Short-term government bond prices inched up Tuesday after the Treasury managed to borrow from investors at the lowest rate in seven months.
The Treasury sold $32 billion in three-year notes Tuesday in the first of three auctions this week. The notes were priced to yield 0.76 percent, the lowest rate at a three-year auction since last November.
Investors placed bids for 3.28 times the $32 billion in three-year notes up for sale Tuesday. That's slightly better than the 3.18 average of the previous four auctions.
Traders have rushed into Treasurys in recent weeks on signs the economic recovery was becoming sluggish. When bond prices rise, their yields fall. That translates into lower borrowing rates for the government.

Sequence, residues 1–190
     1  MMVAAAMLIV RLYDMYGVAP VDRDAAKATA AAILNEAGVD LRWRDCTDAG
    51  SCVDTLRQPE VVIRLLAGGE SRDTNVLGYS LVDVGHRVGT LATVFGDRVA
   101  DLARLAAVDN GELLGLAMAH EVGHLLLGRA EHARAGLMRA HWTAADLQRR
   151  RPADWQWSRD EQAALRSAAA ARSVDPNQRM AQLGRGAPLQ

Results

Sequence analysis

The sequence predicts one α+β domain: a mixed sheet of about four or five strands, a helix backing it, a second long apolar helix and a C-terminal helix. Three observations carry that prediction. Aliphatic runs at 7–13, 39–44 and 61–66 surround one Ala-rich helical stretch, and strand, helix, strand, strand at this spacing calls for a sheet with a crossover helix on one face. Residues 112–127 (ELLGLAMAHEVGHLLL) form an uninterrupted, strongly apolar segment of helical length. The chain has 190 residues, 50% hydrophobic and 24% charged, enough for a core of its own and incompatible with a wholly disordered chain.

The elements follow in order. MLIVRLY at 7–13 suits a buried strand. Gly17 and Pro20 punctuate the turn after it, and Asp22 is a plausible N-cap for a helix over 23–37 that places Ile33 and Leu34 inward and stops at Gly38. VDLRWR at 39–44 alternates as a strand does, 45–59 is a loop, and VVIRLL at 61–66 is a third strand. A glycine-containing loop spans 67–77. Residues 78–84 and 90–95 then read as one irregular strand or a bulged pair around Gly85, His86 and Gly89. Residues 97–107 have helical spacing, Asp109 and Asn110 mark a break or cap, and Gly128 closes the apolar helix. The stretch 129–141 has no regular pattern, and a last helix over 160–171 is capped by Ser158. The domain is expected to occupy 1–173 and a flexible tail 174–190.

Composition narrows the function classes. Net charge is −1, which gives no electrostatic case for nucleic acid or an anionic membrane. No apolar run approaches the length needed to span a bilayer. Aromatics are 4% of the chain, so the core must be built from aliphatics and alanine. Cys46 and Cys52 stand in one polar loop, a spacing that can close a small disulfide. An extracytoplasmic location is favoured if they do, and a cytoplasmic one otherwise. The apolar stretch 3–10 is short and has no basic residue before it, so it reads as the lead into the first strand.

Longer-dated Treasury prices traded flat Tuesday after making large gains last week.
The price of the 10-year Treasury ended the day unchanged from late Monday. Its yield was 3.01 percent.
The 30-year bond lost 6.3 cents. Its yield inched up to 4.26 percent from 4.25 percent. Short-term Treasury securities edged higher, lowering yields. The yield on the two-year slipped to 0.41 percent from 0.43 percent.
In the market for short-term Treasury bills, the yield on the three-month T-bill was unchanged at 0.03 percent. Its discount was 0.04 percent.